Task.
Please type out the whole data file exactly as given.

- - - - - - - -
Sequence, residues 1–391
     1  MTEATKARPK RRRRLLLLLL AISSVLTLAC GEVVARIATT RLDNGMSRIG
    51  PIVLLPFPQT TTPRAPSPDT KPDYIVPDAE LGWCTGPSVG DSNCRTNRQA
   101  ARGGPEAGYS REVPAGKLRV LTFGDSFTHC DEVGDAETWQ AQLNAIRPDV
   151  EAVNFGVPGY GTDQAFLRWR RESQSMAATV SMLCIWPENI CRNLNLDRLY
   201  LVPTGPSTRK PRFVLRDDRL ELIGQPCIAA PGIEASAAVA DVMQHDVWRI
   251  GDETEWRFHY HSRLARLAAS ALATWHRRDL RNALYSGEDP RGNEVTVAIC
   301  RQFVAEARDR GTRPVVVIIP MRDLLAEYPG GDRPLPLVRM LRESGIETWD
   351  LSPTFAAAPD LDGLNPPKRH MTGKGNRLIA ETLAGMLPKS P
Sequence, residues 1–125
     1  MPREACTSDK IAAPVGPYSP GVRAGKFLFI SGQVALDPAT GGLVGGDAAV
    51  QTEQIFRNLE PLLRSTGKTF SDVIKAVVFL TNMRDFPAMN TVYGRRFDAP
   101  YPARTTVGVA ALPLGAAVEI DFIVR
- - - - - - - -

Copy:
Sequence, residues 1–391
     1  MTEATKARPK RRRRLLLLLL AISSVLTLAC GEVVARIATT RLDNGMSRIG
    51  PIVLLPFPQT TTPRAPSPDT KPDYIVPDAE LGWCTGPSVG DSNCRTNRQA
   101  ARGGPEAGYS REVPAGKLRV LTFGDSFTHC DEVGDAETWQ AQLNAIRPDV
   151  EAVNFGVPGY GTDQAFLRWR RESQSMAATV SMLCIWPENI CRNLNLDRLY
   201  LVPTGPSTRK PRFVLRDDRL ELIGQPCIAA PGIEASAAVA DVMQHDVWRI
   251  GDETEWRFHY HSRLARLAAS ALATWHRRDL RNALYSGEDP RGNEVTVAIC
   301  RQFVAEARDR GTRPVVVIIP MRDLLAEYPG GDRPLPLVRM LRESGIETWD
   351  LSPTFAAAPD LDGLNPPKRH MTGKGNRLIA ETLAGMLPKS P
Sequence, residues 1–125
     1  MPREACTSDK IAAPVGPYSP GVRAGKFLFI SGQVALDPAT GGLVGGDAAV
    51  QTEQIFRNLE PLLRSTGKTF SDVIKAVVFL TNMRDFPAMN TVYGRRFDAP
   101  YPARTTVGVA ALPLGAAVEI DFIVR